Author Topic: Keste Clone  (Read 29087 times)

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Offline dellavecchia

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Keste Clone
« on: December 20, 2010, 03:29:27 PM »
After seeing the video of Roberto Caporuscio of Keste make dough, I was really intrigued and decided to try a clone. Roberto's pizza is masterful in it's creation and execution. And I am not aware of others who use this workflow. If you want the short of it, scroll down to the pics - I got some really good results. If you want the full story of the dough, read on.

Video from Slice:

http://slice.seriouseats.com/archives/2010/12/how-to-make-neapolitan-pizza-dough-with-kestes-roberto-caporuscio.html

Factors (see screen caps for reference):

1. This clone is not really about figuring out ingredients, we already know what they are: Caputo Pizzeria 00 flour, water, salt, and cake yeast. So even though I have never tasted Keste pizza, I am confident that I can get the same taste in dough. We also have alot of insight into the process from the video.

2. 60% hydration (25kg bag of flour/15 liters of water).

3. Salt: this is still a bit of a guess, but the container he shows in the video is around 1/4-1/3 full. It is a sixth size restaurant pan, which is 1.6 liters. That is either 400-533 grams, which works out to around 2%. This seems low, but since this is a potentially 40 hour room temp dough, too much salt would kills the small amount of...

4. Yeast: cake yeast in a very small amount, dissolved in the water. I used .075, but I could have easily gone to .05 or lower. I have a feeling Roberto uses lower than that. You will need a micro scale to get these small quantities for 4-6 balls of dough.

5. Room temperature: I have no idea what temp he bulks at. My house this time of year is 65-67, so that was the determining factor in the amount of yeast I used.

6. 260-270 gram ball size. My oven works best with 280 grams, so I decided to stick to that number. It resulted in a puffier crust that Roberto's.

So, here is the dough I made:

Flour (100%):
Water (60%):
CY (.075%):
Salt (2%):
Total (162.075%):
Single Ball:
691.04 g  |  24.38 oz | 1.52 lbs
414.62 g  |  14.63 oz | 0.91 lbs
0.52 g | 0.02 oz | 0 lbs |
13.82 g | 0.49 oz | 0.03 lbs | 2.88 tsp | 0.96 tbsp
1120 g | 39.51 oz | 2.47 lbs | TF = N/A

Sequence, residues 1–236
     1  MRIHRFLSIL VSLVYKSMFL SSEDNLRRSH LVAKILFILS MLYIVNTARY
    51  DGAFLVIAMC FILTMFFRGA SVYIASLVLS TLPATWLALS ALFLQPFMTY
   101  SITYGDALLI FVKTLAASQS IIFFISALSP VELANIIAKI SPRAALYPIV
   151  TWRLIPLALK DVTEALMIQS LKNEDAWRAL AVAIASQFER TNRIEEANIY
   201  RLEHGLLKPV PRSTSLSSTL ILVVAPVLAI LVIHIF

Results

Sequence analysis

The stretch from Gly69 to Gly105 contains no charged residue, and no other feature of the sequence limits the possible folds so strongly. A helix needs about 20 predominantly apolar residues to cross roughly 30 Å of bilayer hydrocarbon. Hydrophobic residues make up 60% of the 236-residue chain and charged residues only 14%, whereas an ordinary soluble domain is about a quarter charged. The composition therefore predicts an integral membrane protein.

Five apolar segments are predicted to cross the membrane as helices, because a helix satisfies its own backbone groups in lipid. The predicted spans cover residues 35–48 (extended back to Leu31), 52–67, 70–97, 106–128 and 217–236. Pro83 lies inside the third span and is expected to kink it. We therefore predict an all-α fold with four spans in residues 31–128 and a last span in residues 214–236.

280 g | 9.88 oz | 0.62 lbs

Yeast was dissolved in room temp water, flour was dumped in and mixed for a few seconds, then the salt. Total mix time was longer than normal for me - around 5 minutes. I then finished by hand. I do not have a fork mixer, but my goal was to have the dough looking very fluid and smooth, as in the video. Went into a glass container, and was not touched for 24 hours.

After 24 hours, there was some signs of fermentation. This is why i think even at 65 degrees, less yeast is needed. But I balled them up. The dough was slack and heavy, as in the video, but that dough also did not have visible signs of fermentation. I reached another 6 hours before I thought it was ready to be used - a total of 30 hours.

The dough was the lightest, most flexible dough I have ever worked with. It had strength, but seemed to just do everything you wanted it to. There were tons of air bubbles.

The cooked pizza was stellar. Light as a feather. There was a softness to the inside crumb that I have never achieved before, which contrasted beautifully with the crunchy, charred bits of the outside. Since my oven is so small, my leoparding was not as spread out as Roberto's. But all in all I think that I achieved something that resembles one of Roberto's pies.

John
« Last Edit: December 20, 2010, 03:31:14 PM by dellavecchia »


Offline dellavecchia

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Re: Keste Clone
« Reply #1 on: December 20, 2010, 03:30:34 PM »
Pizza's:

1. Salami
2. Margherita
3. Lobster
4. Baccala (salt cod), limoncello oil, fresh marjoram

Offline Jackie Tran

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Re: Keste Clone
« Reply #2 on: December 20, 2010, 03:38:24 PM »
John, excellent looking pies.  Some of your finest.  I have been using a similar workflow with very good resuls as well. 

Chau

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Re: Keste Clone
« Reply #3 on: December 20, 2010, 03:47:57 PM »
Impressive work, John.  My entire life pretty much revolves around NY style pies, but should I ever get the Neapolitan bug, this could be the recipe.